THE V. Reverend Protopresbyter Dr. Stelyios S. Muksuris, Ph.D. [BA, MDiv, MLitt, PhD, ThD (post-doc.)], serves the Kimisis Tis Theotokou Greek Orthodox Church in Aliquippa, PA, and is Professor of Liturgy and Languages at SS. Cyril and Methodius Byzantine Catholic Seminary in Pittsburgh, PA. A native of Boston and a graduate of Hellenic College and Holy Cross Greek Orthodox School of Theology in Brookline, MA, he received his postgraduate degrees and his doctorate in liturgical theology from the University of Durham in the United Kingdom. He is an active member of several academic societies (AAR, SL, SOL, BSC, OTSA), a frequent conference speaker both nationally and internationally, the author of a monograph, Economia and Eschatology: Liturgical Mystagogy in the Byzantine Prothesis Rite (Boston, 2013), and the author of an introductory chapter for a textbook on Christianity, as well as numerous papers and studies in theological journals. He is a frequent consultant on liturgical matters for the Greek Orthodox Archdiocese of America and the Greek Orthodox Metropolis of Pittsburgh.
I still recall the excitement I felt as a youth growing up in Boston (and even now as an adult!) when attending a professional sports event. Wearing the home jersey, the actual trip to the arena, the multitudes of people all there for the same reason, the lights and sounds, and the actual match between two rival teams all add to the joyfulness and enthusiasm produced by such an electrifying experience. Naturally, the pinnacle of all this is the anticipated victory of the home team.
Before the Christian lies yet another thrilling experience that occurs in the privacy of one’s own heart – the ongoing spiritual struggle against evil. During the Great and Holy Fast, which we shall enter on February 23, the Church explains the reasoning behind our abstinence from quantities and certain kinds of food, one of the major activities of preparation for the Christian believer. The hymnography of the Church is highly didactic and powerful, speaking directly to the issue at hand. What does it say?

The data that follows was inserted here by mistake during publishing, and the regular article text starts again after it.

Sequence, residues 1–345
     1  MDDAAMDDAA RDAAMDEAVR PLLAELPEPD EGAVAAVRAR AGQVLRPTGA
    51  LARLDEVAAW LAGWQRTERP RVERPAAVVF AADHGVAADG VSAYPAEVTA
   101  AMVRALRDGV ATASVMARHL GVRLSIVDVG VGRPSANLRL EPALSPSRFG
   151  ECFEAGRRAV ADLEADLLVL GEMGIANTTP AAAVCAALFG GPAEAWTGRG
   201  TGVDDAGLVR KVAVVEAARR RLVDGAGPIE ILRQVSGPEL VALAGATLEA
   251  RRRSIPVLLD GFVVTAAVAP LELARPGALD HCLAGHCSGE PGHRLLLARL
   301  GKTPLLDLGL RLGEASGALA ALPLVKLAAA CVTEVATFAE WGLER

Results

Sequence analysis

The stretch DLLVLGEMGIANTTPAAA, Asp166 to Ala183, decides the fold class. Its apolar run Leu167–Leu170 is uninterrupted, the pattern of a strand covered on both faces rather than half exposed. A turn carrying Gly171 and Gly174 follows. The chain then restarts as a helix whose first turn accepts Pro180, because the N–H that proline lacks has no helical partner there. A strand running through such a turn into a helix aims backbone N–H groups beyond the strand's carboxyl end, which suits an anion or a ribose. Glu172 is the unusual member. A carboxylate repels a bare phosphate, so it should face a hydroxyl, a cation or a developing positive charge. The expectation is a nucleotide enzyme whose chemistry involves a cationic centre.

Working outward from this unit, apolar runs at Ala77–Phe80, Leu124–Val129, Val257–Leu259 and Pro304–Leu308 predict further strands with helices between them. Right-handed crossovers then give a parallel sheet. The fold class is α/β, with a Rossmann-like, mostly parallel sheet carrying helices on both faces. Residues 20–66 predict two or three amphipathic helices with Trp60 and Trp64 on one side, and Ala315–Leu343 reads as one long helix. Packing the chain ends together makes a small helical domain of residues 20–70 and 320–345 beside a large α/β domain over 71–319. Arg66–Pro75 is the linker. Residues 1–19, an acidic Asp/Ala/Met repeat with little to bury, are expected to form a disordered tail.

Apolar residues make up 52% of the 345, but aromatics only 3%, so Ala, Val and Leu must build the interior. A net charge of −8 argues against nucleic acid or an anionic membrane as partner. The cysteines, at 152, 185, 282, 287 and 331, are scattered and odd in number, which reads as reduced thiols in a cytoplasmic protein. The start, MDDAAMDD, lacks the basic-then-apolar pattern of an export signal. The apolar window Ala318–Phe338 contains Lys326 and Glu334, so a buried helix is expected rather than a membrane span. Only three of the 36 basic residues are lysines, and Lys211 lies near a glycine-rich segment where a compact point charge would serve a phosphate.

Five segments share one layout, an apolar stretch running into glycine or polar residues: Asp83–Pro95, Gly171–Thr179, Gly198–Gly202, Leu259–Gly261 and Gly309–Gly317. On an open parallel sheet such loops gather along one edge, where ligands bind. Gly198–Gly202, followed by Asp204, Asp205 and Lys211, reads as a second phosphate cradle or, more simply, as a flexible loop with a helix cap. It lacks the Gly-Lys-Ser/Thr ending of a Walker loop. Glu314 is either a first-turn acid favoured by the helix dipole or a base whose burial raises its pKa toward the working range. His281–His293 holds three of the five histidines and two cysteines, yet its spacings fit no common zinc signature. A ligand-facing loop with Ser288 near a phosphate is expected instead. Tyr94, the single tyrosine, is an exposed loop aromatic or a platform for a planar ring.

Let us set out with joy upon the season of the Fast, and prepare ourselves for spiritual combat. Let us purify our soul and cleanse our flesh; and as we fast from food, let us abstain also from every passion. Rejoicing in the virtues of the Spirit may we persevere with love, and so be counted worthy to see the solemn Passion of Christ our God, and with great spiritual gladness to behold His holy Passover. (Triodion, Sunday Vespers of Forgiveness)
This “spiritual combat”, as the hymnographer calls it, is a state of constant vigilance that accompanies the Christian not only during Lent but throughout the entire ecclesiastical year and certainly throughout his entire life. However, it is during the Great Fast that the Christian becomes more fully cognizant of this spiritual struggle. Through food fasting, intensified prayer, more frequent attendance at church services, the sacrament of Confession and Holy Communion, accelerated reading and meditation of Scripture and other spiritual writings, and almsgiving, we train our bodies and souls and simultaneously compete in the arena of spiritual virtue, as all athletes do in their respective sports. The intensity by which we participate in the spiritual life is dependent upon us and our inner disposition. As we “psych up” ourselves to attend a Steelers or Penguins game and then experience the thrill that such a match brings, so it is incumbent upon us to do the same in the stadium of virtues.
As with any competition, the goal is one – victory. And so it is with our combat against evil, as St. Paul acknowledges when he observes from his prison in Rome: “I have fought the good fight, I have finished the race, I have kept the faith. Now there is in store for me the crown of righteousness, which the Lord, the righteous Judge, will award to me on that day” (2 Timothy 4.7,8). For the Christian though, there are minor victories along the way that lead to the ultimate victory of the Kingdom of God, even if these lesser triumphs end in what the world perceives as failure. What can such an enigmatic statement mean? In order to understand, we need to draw our attention to the fact that the aforementioned troparion makes reference three times to the notion of gladness and joy.